Thanks to Ariel Detwiler for calling my attention to the need for an update.

How it will work

Type this (plus space bar)Get this
F-sharpF
B-flatB
C-naturalC

Will it work on Office 365?

No, the web version of Office doesn’t currently (2019) support this feature.

How to set it up

  1. Open up a new Microsoft Word 2016 document.
  2. Type the following:
    266d
    Then press Alt-X. The “266d” should turn into a flat symbol.
  3. Highlight the flat. Click the “File” tab, then “Options.” A dialog box appears; click “Proofing” at its left-hand side. Click the “AutoCorrect Options…” button. On the “AutoCorrect” tab, make sure “Replace text as you type” is checked. In the “Replace:” box, type:
    -flat
    Next to “With:,” make sure “Plain text” is selected. Your flat should be in the “With:” box. Click “Add,” then click “OK” twice.
  4. Repeat steps 2-3 for the sharp and natural signs. In step 2, use “266f” for sharp and “266e” for natural, and in step 4 use “-sharp” and “-natural.”

If you are in the habit of using the pound sign (#) and lowercase b for sharp and flat signs, shame on you for your unprofessional documents. You might be tempted to set up your AutoCorrect to correct those. The problem with doing it that way is that you will have to create a separate AutoCorrect entry for each note (Ab, Bb, Cb, etc.). Plus, it’s a good idea to just get in the habit of typing “F-sharp” so if you’re using a system that doesn’t have your special AutoCorrect set up, you will be left with that more correct version instead of a pound sign or letter b.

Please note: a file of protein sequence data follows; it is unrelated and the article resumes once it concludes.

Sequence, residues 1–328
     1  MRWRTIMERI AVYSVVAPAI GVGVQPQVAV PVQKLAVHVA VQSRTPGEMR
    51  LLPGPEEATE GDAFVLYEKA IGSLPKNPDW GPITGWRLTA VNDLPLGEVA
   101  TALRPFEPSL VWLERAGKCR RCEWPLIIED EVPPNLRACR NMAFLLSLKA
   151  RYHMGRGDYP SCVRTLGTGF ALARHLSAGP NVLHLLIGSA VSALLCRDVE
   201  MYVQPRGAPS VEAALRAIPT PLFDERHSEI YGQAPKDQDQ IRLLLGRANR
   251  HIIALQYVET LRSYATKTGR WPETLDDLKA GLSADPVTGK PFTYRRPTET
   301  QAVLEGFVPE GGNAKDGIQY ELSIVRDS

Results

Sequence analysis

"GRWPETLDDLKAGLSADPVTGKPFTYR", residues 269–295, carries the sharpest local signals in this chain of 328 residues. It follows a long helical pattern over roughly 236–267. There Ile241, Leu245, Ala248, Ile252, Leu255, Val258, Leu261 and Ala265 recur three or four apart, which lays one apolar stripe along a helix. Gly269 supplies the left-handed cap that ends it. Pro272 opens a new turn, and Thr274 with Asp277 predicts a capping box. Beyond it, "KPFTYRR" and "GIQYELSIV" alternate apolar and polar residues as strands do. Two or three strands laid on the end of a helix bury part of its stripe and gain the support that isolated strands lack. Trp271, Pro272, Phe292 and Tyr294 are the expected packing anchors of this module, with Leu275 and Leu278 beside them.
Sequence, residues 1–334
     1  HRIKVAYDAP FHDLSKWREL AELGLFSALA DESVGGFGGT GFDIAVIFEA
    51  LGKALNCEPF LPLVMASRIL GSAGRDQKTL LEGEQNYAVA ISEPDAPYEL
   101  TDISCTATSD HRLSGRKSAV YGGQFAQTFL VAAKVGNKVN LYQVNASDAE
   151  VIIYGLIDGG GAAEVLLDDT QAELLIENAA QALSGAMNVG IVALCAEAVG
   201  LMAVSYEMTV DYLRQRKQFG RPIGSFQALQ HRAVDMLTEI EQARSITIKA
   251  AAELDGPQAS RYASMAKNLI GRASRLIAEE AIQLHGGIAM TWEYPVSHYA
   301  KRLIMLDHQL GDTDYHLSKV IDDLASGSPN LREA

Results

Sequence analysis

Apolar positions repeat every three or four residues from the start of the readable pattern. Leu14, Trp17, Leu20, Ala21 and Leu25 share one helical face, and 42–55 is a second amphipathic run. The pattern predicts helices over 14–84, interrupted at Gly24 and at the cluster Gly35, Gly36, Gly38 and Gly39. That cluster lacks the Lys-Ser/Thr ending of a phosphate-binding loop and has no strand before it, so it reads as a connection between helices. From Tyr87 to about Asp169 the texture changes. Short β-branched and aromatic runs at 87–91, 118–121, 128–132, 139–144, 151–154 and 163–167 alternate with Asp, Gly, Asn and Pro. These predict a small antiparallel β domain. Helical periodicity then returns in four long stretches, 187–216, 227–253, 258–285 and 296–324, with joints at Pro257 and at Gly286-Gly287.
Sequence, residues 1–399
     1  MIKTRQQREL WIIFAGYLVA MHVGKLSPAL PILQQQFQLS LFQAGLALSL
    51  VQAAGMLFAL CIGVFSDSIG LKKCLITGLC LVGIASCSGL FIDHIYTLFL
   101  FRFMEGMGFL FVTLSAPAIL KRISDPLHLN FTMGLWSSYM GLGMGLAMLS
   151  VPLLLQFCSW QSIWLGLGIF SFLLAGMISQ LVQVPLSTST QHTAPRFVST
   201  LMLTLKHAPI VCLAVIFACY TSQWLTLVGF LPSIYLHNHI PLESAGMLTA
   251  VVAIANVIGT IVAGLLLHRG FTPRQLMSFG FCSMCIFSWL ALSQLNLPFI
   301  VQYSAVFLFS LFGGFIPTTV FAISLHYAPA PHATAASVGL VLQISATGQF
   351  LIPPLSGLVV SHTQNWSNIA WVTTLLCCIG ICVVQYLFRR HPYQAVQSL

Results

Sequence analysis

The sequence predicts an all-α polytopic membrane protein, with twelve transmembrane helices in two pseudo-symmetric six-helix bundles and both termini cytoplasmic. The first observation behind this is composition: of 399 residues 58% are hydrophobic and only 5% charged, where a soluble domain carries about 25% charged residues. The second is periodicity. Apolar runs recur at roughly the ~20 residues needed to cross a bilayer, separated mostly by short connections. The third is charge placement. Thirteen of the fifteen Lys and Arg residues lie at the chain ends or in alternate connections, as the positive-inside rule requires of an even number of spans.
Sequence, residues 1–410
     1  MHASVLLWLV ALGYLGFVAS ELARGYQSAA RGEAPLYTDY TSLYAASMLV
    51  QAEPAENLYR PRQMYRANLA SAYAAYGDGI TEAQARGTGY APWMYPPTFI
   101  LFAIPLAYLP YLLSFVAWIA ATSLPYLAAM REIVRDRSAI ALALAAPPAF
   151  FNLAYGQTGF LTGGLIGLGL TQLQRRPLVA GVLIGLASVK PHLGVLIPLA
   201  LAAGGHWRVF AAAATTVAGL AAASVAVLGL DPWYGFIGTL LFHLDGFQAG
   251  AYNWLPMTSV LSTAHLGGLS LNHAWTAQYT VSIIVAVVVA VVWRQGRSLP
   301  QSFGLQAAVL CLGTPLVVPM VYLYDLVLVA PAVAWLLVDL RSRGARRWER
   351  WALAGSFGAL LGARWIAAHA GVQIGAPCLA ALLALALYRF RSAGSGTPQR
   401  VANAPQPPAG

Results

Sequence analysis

If you have set up the AutoCorrect but you actually want to type “-flat,” “-sharp,” or “-natural” and override the automatic change, type what you want and then press Ctrl-Z (Undo) to change the symbol back into text.

Getting the most out of practicing your scales

"Maths" by me_chris is licensed under CC BY

When you practice scales (or arpeggios or, really, any other technical material) it’s not really about the scales. Nobody wants to buy tickets to hear you play scales.

Scale and technical practice develop the fundamental technique you need for doing more interesting things. You don’t learn multiplication tables or French verb conjugations so you can recite multiplication tables or French verb conjugations. You learn them so you can file your taxes or build a Mars rover, or order pastries or read Proust.

The habits you develop when practicing scales—the building blocks of your technique—will be with you in everything you play. So take them very seriously:

  • Go slowly, and be as precise and controlled as you can. You will work on scales for your whole life as a musician, so there’s no rush to get them up to a certain tempo. Don’t waste time playing them sloppily.
  • Listen deeply to the sound of each note. Scales are a great chance to understand and map the tone, pitch, and response nuances of your instrument. Get in the habit of playing with your most beautiful sound even on technical material.